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What kind of loser will Bernie Sanders be? He’s got three choices

Think of the children. EPA/Mike Nelson

During his barnstorming rallies to massive audiences, Bernie Sanders is fond of declaring “enough is enough!” And after the latest round of primary results, many Democratic party leaders will be hoping Sanders now feels similarly about his own campaign.

Sanders and his team should take immense pride in what they’ve achieved over the past 12 months. On July 8 2015, the RealClearPolitics polling average had the Vermont Senator on a mere 14.3%, almost a full 50 points behind the apparently bulletproof Clinton. To the extent he was noticed at all, Sanders was treated by the press and Clinton supporters as a benign but crusty uncle, well-meaning but toothless.

One year on, Sanders has emerged victorious in more than 20 states, and at one point in April he reduced the gap in that same average to just 1%. And those victories are just half the story.

Most importantly, Sanders and his followers have played a role in forcing Clinton to embrace her own progressive instincts rather than taking to the safety of the centre ground. He has also ensured that “socialism” is no longer a taboo word in American politics, at least not in a Democratic primary. Meanwhile, Winnie Wong, the digital strategist behind #FeelTheBern, will probably never want for work again.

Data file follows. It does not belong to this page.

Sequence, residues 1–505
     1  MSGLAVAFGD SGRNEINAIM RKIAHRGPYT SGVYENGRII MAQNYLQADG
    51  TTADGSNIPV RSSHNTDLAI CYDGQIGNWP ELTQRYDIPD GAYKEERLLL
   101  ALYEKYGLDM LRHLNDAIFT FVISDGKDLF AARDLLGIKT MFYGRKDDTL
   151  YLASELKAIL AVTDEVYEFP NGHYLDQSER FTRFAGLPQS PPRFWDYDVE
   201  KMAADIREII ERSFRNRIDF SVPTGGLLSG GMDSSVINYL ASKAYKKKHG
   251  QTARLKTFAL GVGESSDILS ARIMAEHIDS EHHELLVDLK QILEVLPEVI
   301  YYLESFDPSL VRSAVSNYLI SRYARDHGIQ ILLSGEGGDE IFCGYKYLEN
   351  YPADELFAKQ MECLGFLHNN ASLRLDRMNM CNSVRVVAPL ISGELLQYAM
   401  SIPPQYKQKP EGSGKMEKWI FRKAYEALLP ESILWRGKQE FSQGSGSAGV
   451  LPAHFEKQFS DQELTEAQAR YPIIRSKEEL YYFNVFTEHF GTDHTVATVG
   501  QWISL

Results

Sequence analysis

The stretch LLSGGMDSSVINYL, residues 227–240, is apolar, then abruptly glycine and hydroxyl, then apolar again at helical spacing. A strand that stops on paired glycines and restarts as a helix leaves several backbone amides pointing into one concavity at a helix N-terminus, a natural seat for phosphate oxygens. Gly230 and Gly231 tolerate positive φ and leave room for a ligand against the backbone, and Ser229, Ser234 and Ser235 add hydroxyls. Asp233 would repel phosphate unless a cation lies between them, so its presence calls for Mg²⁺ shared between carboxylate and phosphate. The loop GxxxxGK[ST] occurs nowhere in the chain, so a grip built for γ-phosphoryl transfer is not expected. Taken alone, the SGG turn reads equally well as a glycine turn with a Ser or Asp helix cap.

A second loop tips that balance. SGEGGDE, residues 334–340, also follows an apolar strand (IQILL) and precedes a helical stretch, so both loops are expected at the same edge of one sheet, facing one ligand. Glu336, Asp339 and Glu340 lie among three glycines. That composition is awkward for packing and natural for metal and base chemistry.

Despite all these achievements, Bernie has fallen short. So what should he do now? If we look to the recent past, there are a few well-trodden routes he can take.

Path #1: unity at all costs

Sanders doesn’t have to set his own example of how to unify the Democratic party after a divisive and close primary campaign. Eight years ago, Hillary Clinton herself showed everyone how it’s done.

After an equivocal statement on the night of the last primaries, Clinton formally dropped out four days later and gave Obama a full-throated endorsement. Later that month, in a symbolic gesture, the two former rivals made a joint appearance in the aptly-named New Hampshire town of Unity, where they had both captured 107 votes in the state’s primary.

And to cap it all, it was she who stopped the (well-choreographed) roll-call of delegate votes at the Democratic convention to formally seal Obama’s nomination. She then used her convention speech to declare: “Barack Obama is my candidate, and he must be our president.”